Time for another episode of Farm Women Fridays! Today I’m excited to introduce you to Angie Gooden, whom I will forever refer to in my mind by her maiden name, because when you get to know someone in high school it’s difficult to flip that mental switch.
Angie currently farms with her husband in Kent County, DE. In partnership with her brother-in-law and father-in-law, the Gooden family tills 1000 acres of crops – wheat, soybeans, and field corn.
What’s field corn? Well, field corn is used for animal feed and other byproducts such as ethanol. Sweet corn is the corn you eat as corn-on-the-cob. In the field, sweet corn is shorter and is ready for harvest sooner than field corn. In Delaware, we harvest sweet corn in late June/July, and wait until September to pull out the combines for field corn.
The family also raises 60-80 feedlot steers in a beef operation. They purchase 6-month-old calves, weighing from 500-700 pounds each and raise them to one and a half years, weighing 1400 pounds. Angie says they are planning on purchasing brood cows this year and will raise calves from birth instead of purchasing them. The family sells the majority of their steers at the auction in New Holland, PA, and a few to neighbors and a local butcher. They also butcher one steer for their own freezer.
So what are Angie’s responsibilities on the farm? A little bit of everything, it seems. “I just do what needs to be done,” she tells me. During the upcoming wheat harvest, Angie might find herself running the grain cart in the field. Another day she might be down with the steers, checking on their bedding. She can also frequently be found at the local hospital – Angie also works as a Registered Nurse.
And let’s not forget she’s mother to a two-year-old, so, yeah, it’s safe to say she’s rarely bored.
Busy? Yes. But Angie certainly isn’t new to farm life. As so many of us farm wives did, Angie grew up on a farm. Her family had a 350-head hog farm and also raised a few cows. In addition to the livestock, Angie helped out in the grain portion of her family’s operation, baling straw and working ground for planting.
Growing up, Angie was very involved in both 4-H and FFA and was a well-known face at the hog shows at state and county fairs. She still shows hogs in the open (adult) classes at a few livestock shows in the area. “Livestock has always been my passion,” she tells me. Angie also helps some local 4-Hers with their own livestock projects, focusing on showmanship skills. (In most market livestock shows, a judge is rating the animal, but in showmanship classes, he or she is judging the person and how well they present the animal in the show ring.)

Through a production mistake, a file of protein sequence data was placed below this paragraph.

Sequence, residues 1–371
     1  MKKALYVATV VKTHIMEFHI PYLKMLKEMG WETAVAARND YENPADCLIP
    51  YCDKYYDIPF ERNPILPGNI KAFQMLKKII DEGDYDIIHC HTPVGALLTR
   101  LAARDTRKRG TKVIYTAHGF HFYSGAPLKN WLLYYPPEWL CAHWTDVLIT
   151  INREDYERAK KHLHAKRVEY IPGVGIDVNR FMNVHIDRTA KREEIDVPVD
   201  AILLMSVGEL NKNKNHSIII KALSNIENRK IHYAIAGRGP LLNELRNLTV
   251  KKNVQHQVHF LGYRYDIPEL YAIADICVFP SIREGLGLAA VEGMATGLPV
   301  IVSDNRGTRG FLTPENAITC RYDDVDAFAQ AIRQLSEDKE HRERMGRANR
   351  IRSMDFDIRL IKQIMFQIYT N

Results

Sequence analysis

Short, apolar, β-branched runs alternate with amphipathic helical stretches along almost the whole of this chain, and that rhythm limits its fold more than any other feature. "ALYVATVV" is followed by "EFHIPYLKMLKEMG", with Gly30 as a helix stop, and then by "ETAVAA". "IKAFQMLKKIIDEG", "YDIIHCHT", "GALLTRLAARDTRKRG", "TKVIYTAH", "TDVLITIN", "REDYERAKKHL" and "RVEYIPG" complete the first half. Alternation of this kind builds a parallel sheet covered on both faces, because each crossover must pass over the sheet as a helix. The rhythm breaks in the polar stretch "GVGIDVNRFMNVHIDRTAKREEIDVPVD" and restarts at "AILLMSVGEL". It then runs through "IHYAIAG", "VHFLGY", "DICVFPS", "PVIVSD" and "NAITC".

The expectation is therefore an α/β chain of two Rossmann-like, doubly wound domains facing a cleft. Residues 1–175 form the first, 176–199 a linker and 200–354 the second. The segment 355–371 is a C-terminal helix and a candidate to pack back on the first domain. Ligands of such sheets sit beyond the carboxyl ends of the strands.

Like many farm women, Angie has some plans for expansion. “I’ve thought about opening a small produce stand,” she says. She already has a beautiful garden, but right now she’s only growing for her own family.
Her other future plans are focused on her son. When I ask about how he likes the farm, Angie says, “He’s a little young right now, but I’m sure he’ll show hogs when he gets a little older. Right now he just loves to ride on the tractors and combines with us.”
I can understand that. It’s been my experience that little boys love tractors – both toys and the real-deal, full-size machinery.
In all the time she’s been involved in farming and agriculture, what has changed? Angie laughs when I ask the question. “Everything has changed,” she says. More housing development in the area has triggered some of those changes. “There’s just not as much farmland anymore. We need to increase production on what we have left.” More and more people moving into rural areas are unfamiliar with modern agriculture practices or are several generations removed from farming.
Angie wants those neighbors (and all her neighbors, really) to know that, “we pay attention and we are careful.” This is especially true in regards to spraying chemicals or spreading manure. They won’t spray when it’s windy, for example. Not only are they trying to maintain good relationships with neighbors, it’s also in their best interest to exercise caution. Drifted fertilizer or pesticides are chemicals wasted, since they aren’t being applied to the crops. They don’t overuse chemicals, striving instead to apply just what is needed to minimize or eliminate run-off.
I find this conscientious behavior to be very typical of our farmers and their families. We’re all trying to do a good job for our families, our farms, and our neighbors. Thanks to Angie for doing her part as well.
Farm Women Fridays is a series of interviews that will run through the summer of 2012. If you have any questions (for me or the other women), please leave them in the comments or tweet me @carabecca! You can see all the Farm Women Fridays posts here.